BACKGROUND: RJ Wolfe is a privately held plastic pipe manufacturing company with headquarters in Houston. In 2003, RJ Wolfe purchased Moon Plastics, a small customs plastic manufacturer in Corpus Christi, TX. This plant uses plastic extrusion to produce polyethylene pipes for the natural gas and oil industry. It was retooled in 2004 with a design capacity of 2,250 tons of high-density polyethylene pipes per year, runs four extrusion lines 24 hours a day over three shift, and presently operates at about 80% of design capacity, John Amasi is the director of production and engineering of the company.
He has been interested in Self-Directed Team (SDT) model for several years, and felt there was an opportunity to implement the SDT model at the newly acquired and retooled plant in Corpus Christi. Amasi hope to boost workforce efficiency, and increase productivity to 95% of design capacity by creating semi-autonomous workforce teams to run the plant. Transitioning to a Self-Directed Work Force: Establishing a self-directed work team in an organization requires a balancing act to accommodate the shift in power and responsibility occurring between managers and team members (Douglas & Gardner, 2004).
The behavior of the leader will facilitate the development of high level of team empowerment which is vital to the transition from a traditional management model to a self-directed model (Kirkman and Rosen, 2000). The SDT implementation team comprising John Amasi, the managers of RL Wolfe’s Austin, TX, Columbus, OH and Corpus Christi, TX plants met to address the job definition, hiring, team setup and responsibilities and role of the coordinator. Job Definition: Two job levels were created for the workers on the factory floor. These are: 1.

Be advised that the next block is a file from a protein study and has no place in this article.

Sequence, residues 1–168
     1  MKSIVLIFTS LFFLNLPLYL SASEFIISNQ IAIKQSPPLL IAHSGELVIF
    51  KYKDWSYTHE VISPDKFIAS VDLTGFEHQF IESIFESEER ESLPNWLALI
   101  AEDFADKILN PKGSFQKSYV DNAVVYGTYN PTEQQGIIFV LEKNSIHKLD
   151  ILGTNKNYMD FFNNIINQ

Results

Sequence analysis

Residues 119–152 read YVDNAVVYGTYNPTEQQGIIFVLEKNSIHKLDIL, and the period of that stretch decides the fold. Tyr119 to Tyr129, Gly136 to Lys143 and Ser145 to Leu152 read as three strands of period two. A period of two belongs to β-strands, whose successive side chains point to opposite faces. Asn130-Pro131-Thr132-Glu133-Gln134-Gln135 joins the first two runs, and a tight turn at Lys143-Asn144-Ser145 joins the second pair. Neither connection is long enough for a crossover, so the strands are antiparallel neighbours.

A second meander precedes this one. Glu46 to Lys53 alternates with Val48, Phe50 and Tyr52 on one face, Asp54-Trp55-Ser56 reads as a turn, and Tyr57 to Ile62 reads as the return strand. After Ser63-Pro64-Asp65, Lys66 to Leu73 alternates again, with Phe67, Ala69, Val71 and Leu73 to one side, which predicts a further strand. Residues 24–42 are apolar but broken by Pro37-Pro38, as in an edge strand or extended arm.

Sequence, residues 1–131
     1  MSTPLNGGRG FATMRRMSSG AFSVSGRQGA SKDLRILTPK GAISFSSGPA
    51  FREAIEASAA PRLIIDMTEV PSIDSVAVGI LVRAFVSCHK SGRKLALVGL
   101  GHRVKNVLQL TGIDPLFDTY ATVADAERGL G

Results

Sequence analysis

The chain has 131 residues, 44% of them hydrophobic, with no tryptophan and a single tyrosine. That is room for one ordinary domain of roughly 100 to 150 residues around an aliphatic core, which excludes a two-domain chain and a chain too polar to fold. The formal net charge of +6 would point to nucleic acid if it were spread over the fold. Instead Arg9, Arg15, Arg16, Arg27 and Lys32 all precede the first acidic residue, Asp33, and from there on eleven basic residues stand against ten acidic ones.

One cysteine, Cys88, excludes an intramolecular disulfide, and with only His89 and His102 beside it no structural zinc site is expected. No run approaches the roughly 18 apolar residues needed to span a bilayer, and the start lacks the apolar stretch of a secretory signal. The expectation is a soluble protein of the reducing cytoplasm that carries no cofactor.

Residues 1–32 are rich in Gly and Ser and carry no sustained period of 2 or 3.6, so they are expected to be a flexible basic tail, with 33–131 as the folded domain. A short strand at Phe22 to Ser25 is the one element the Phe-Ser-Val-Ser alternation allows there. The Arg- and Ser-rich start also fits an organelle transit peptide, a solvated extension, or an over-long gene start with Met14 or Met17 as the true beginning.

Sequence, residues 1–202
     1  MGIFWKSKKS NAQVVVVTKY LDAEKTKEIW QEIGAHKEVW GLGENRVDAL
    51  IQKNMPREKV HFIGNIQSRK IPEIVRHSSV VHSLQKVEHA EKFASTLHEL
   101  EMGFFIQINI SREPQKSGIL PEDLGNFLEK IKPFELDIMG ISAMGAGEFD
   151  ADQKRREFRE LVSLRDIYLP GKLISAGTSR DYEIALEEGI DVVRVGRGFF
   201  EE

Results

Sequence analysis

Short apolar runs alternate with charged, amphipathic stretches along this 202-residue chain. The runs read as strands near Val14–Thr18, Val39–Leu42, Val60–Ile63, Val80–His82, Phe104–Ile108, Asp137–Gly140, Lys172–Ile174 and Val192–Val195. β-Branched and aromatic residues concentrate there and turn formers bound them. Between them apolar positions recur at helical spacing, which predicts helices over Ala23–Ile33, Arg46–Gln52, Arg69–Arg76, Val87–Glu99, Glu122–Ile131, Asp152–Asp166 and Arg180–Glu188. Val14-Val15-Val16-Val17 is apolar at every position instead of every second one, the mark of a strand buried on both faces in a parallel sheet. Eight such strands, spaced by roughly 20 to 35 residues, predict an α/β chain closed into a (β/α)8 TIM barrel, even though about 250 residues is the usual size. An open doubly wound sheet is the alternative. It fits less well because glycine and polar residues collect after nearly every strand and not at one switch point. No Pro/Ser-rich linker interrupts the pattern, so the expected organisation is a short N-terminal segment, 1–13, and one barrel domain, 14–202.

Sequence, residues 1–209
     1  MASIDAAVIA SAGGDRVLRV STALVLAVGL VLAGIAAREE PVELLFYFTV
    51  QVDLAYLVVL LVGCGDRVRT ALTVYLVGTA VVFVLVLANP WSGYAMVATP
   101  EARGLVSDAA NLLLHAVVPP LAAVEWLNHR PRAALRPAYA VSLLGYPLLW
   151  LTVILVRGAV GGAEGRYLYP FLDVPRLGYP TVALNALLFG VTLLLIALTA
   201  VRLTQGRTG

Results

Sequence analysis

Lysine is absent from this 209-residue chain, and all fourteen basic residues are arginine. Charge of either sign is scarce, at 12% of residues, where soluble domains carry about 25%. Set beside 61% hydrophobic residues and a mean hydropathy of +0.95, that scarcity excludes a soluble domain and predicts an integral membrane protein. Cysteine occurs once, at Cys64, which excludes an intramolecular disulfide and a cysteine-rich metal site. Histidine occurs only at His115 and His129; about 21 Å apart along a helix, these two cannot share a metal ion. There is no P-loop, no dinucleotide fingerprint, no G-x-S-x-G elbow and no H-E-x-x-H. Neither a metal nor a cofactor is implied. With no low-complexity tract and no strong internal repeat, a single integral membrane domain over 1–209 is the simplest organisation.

Line operators and materials handlers 2. Technicians: Assigned to handle technically demanding jobs. Hiring: SDT model require workers with the diverse skill sets, and ability to work on flexible job assignments in the plant. Job interviews were structured to identify and recruit workers that are good at problem solving, ready to learn, adaptable, have organizing skills and demonstrate initiatives. In all, 90 workers were hired including 20 workers from Moon Plastic Plant.